Social Buzz: Washington soccer community responds to new youth age / year designations

Social Buzz: Washington soccer community responds to new youth age / year designations

socialBUZZWelcome to a new feature on called “Social Buzz” where we will highlight soccer topics that are trending in social media in the state of Washington!divider-arrow-1

The number one most talked about topic this summer in Washington state soccer circles? It’s not the Sounders, not even the US Women winning the World Cup.

BUZZ: When was your soccer kid born? Are they going to be saying goodbye to half of their teammates? These are just starter questions for Washington players, coaches, teams, clubs and families after the United States Soccer Federation (USSF) issued a new set of rules this summer, including new age brackets for players.
Says the USSF: Birth-year registration calendars will now align with the start of the calendar year and run from January to December, rather than August to July as it had previously. For example, a U-15 player (players 15 years old or younger) would have a birth year of 2000 (Jan. 1 through Dec. 31) for the 2015 registration year. In 2016, U-15 players would be born in 2001 or earlier. Birth-year registration applies to all player age groups and not just players age 12 and younger. 

How are we responding? Check out this forum thread viewed over 7,000 times with nearly 200 posts.  See more here.

The River City Cup is underway this weekend in Spokane. (Erik Smith)
(Erik Smith)

Here are a few sample quotes from Washington Premier Soccer ( posters:

  • “Daughter’s birthday is 28 July. Cutoff date doesn’t matter, she’s going to continue to play on the same team. Now she’ll be 19 months younger, rather than 12…She doesn’t really care about playing with classmates. She has school friends, soccer friends, skiing friends, softball friends, etc. Imagine that, meeting new people…”
  • Is it marketing? Absolutely. Regardless, the growth of these ‘birth-year academy’ teams will, I think, change the resistance to the switch. On the girls side, I don’t see the birth-year teams at all, ok a few ECNL teams but they pretty much disappear from the rest of the field of teams I see in tournaments after U14. The boys side is different. The birth-year teams are appearing more. For example, look at the number of birth year boys teams in FWRL this coming year…”
  • “What I find amazing about the US youth system is there is so much time spent putting things in boxes and defining walls. Associations. Leagues. Teams. Players. The vast majority of my first-hand observations of the leadership in youth soccer (state / district / association / club / league) spends like 90% of their time either determining what cannot be done or working to work around the prior rules around what cannot be done. It is really quite exhausting and I find it utterly useless in moving the game forward and bettering the players’ experience. Such a simple game yet such a convoluted youth experience.”
  • “Clubs whose philosophy has led them to select players based on technical and tactical soccer skills should have little trouble in shifting rosters 6 months to birth year. They will have little need to recruit new kids (small clubs) or move kids up or down between A/B/C/select levels (larger clubs). Clubs who choose rosters based on the oldest/biggest kids available will need to either recruit a whole new team or change their philosophy independent of club size…”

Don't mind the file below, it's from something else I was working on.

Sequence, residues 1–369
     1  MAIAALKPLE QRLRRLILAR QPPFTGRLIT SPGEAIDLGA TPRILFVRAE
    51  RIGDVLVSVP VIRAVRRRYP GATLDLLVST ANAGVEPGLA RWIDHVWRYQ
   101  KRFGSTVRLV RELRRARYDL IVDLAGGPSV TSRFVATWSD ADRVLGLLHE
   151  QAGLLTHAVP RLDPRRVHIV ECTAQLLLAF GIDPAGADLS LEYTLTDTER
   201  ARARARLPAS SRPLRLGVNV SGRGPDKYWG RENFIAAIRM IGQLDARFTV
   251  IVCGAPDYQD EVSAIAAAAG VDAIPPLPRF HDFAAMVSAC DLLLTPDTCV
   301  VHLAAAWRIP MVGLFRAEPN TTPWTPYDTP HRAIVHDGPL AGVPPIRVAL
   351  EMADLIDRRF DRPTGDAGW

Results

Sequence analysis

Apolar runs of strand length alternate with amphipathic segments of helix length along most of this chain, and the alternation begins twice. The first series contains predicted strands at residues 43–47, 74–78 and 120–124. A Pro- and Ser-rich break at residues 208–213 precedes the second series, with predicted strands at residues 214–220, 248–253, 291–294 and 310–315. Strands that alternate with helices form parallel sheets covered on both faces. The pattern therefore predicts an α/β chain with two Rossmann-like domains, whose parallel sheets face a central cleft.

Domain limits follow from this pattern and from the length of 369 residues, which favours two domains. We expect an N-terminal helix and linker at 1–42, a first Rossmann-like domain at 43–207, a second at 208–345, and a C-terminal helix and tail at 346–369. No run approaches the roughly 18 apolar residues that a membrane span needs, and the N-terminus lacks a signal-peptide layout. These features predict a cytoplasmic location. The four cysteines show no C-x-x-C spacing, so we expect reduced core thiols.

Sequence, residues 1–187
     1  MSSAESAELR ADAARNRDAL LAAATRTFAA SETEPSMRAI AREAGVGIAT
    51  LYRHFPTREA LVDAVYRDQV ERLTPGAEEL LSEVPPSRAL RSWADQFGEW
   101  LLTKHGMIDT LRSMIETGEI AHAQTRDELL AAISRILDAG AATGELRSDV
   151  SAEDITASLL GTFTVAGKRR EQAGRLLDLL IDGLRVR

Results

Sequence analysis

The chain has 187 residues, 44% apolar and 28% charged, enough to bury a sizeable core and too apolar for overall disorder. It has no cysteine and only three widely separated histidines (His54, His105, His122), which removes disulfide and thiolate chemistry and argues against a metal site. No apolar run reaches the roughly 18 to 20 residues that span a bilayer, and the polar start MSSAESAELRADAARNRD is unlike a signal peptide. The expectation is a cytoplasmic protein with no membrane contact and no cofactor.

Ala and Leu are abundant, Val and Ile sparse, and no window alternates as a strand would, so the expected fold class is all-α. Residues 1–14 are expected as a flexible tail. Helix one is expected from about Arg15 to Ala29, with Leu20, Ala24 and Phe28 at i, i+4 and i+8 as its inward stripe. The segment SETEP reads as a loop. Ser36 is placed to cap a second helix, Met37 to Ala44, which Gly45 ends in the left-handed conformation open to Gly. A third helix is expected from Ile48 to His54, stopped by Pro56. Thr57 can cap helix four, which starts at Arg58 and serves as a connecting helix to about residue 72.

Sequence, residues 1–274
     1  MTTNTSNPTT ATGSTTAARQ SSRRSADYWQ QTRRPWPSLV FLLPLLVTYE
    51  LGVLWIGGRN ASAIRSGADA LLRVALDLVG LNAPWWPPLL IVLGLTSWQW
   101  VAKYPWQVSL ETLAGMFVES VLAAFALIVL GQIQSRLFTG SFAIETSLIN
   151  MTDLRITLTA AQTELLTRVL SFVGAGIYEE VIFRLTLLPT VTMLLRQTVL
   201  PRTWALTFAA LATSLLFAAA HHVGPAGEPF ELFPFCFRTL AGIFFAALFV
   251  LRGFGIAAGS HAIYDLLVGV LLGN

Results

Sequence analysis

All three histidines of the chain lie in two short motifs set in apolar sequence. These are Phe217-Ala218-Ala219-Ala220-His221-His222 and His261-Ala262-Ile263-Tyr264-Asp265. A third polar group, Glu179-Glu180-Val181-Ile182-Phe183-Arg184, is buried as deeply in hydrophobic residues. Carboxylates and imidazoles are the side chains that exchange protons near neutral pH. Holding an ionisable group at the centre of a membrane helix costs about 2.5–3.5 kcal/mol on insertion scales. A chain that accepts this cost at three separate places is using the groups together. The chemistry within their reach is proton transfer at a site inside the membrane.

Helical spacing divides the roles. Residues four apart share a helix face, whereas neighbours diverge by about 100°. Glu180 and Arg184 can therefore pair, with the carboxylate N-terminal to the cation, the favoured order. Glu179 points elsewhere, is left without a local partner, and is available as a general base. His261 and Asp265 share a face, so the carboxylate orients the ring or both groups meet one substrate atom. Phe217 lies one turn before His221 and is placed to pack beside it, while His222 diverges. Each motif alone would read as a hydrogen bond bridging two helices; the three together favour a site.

• “Birth year is coming. You can either get out and try and work on some practical solutions to the inconveniences it causes or you can bitch about it on the internet. I prefer to try and figure out how to make it work (and it can be made to work) instead of wasting time tilting at windmills. Unless of course you think that the powers at be of US Soccer spend their time reading these forums and sit around waiting for the pearls of wisdom that drop here. Hint – they don’t…”

Follow-Up: The age year shuffle from “school year” to “birth year” will disrupt players, friends, families and club teams across the state and country. So why do it? “We’ve been in a favor of it for quite a while,” says Sam Snow,U.S. Youth Soccer’s Coaching Director. “It’s a matter of aligning with what the rest of the world does. It makes it easier for the teams that travel overseas. Also, for teams from other countries that come here to play in America, it makes it more straightforward what age group you’re in.” 

But, some wonder about “relative age effect.” The theory, as outlined by Malcolm Gladwell in “Outliers,” is due to the age group cutoff being Jan. 1. Those born earlier in the year are older, bigger, faster, more coordinated and more experienced than their late-year counterparts. As a result, they receive more minutes of playing time, more attention from coaches and more positive feedback on their performances, and that increases their enjoyment of the sport and willingness to continue to train and participate.

Soccer is not immune to this relative age effect. It is prevalent throughout the world and the United States. The only difference being that traditionally the soccer year cuts off on Aug. 1. In fact, research into the ODP program shows that it is prevalent at the regional, state and national levels. Bad news for young American soccer players born in July.


One thought on “Social Buzz: Washington soccer community responds to new youth age / year designations

  1. It is silly to change it at the rec level, because most kids enjoy playing with their classmates. If the change is made at the rec level it should start with the younger teams. For the rec team I have coached for 7 years I would lose half the players. Players who aren’t looking to play in college, just looking to play with friends.

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